At the beginning of this year, we published an article on HTTP pages now showing as “Not Secure” in Firefox and Chrome browsers. This was to announce the change in connection security warnings for any HTTP pages that have credit card or password fields on them. HTTP website owners shouldn’t take these warnings lightly.
So what is HTTP/S
HTTP is the protocol use by the World Wide Web. It forms the connection between the website and its visitors. The S on the end of HTTPS means ‘Secure’ and the connection between the website and its visitors are encrypted using an SSL certificate.
How a secure website currently looks.
How a non secure website currently looks.
How a non secure website will look as of October 2017.
There is now a new advancement in Google’s efforts to encourage people to make the switch to HTTPS. Google announced this statement a few months ago:
“Beginning in October 2017, Chrome will show the ‘Not secure’ warning in two additional situations: when users enter data on an HTTP page, and on all HTTP pages visited in Incognito mode.”
What this means for HTTP website owners
This means, if your website has a form on it or a search box, and your website is still using HTTP, your website will be shown as “Not Secure” to your website visitors.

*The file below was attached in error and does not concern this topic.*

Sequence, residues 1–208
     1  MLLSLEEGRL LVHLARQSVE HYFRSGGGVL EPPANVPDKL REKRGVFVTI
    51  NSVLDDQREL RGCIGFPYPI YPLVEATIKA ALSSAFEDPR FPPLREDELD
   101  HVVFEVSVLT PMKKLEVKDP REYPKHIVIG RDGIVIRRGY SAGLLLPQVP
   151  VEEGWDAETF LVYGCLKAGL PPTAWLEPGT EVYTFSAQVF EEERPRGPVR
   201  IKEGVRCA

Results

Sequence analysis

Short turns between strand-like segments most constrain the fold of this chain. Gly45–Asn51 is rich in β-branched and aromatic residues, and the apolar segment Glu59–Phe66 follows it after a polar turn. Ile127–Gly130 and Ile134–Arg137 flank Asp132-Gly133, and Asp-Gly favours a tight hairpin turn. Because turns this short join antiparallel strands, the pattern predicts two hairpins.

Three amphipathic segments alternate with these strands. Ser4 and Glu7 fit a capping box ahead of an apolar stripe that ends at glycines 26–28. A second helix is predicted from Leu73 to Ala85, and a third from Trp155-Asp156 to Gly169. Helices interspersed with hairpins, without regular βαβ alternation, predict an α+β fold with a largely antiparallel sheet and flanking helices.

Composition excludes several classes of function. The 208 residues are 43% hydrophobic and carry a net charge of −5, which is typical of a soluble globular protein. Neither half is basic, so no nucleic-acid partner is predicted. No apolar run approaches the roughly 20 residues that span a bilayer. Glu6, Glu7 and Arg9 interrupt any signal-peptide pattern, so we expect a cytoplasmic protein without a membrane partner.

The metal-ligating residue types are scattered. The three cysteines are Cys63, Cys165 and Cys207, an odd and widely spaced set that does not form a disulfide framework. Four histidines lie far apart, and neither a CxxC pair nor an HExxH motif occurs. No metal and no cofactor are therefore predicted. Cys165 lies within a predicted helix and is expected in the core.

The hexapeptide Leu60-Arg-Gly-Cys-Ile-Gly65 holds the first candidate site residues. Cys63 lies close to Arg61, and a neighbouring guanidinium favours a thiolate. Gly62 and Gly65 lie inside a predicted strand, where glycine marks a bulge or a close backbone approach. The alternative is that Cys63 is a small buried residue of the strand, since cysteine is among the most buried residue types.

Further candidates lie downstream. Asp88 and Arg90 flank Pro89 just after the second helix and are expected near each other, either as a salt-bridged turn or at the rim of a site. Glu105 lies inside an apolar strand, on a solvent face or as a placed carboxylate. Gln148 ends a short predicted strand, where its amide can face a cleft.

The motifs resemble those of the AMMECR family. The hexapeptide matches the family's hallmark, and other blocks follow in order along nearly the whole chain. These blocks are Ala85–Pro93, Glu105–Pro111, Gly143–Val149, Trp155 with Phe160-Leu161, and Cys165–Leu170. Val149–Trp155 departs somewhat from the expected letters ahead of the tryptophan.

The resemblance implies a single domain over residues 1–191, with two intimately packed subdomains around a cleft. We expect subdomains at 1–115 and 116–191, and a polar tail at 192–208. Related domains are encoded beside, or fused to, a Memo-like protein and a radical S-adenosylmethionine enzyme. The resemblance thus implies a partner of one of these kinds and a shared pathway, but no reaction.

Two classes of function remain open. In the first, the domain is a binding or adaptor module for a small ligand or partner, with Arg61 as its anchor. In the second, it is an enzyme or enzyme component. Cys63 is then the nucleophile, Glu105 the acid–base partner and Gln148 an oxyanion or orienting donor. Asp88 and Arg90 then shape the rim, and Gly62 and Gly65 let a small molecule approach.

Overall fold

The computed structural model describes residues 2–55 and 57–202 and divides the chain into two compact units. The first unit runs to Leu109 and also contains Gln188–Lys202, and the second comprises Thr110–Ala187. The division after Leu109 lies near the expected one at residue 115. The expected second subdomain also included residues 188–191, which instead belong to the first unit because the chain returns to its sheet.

Google has started emailing website owners via Google Search Console of certain pages on their websites that will be shown as “Not Secure” in Chrome 62 as of October 17.
If you don’t have your website setup in Google Search Console, you won’t receive any notifications about this.
Here is a copy of the email:
Google then goes on to say that eventually, all HTTP websites will be shown as “Not Secure” even if the user is browsing in Incognito mode.
Migrating to HTTPS
So, what’s the next step? You can fix this by migrating to HTTPS today. This is the only way to ensure your website will be shown as “Secure” to all users, across all browsers. We wouldn’t recommend putting this off any longer.
Firstly, you will need to purchase and install an SSL certificate. This can be done through your web hosting provider and in some cases can be provided free via the Let’s Encrypt project. Speak to your hosting provider about what options are available to you.
Secondly, a fairly delicate process is involved to successfully change the configuration of your website to solely use the HTTPS protocol. It is best to leave these changes to a professional, as there are many ways migrating to HTTPS can go wrong if done incorrectly.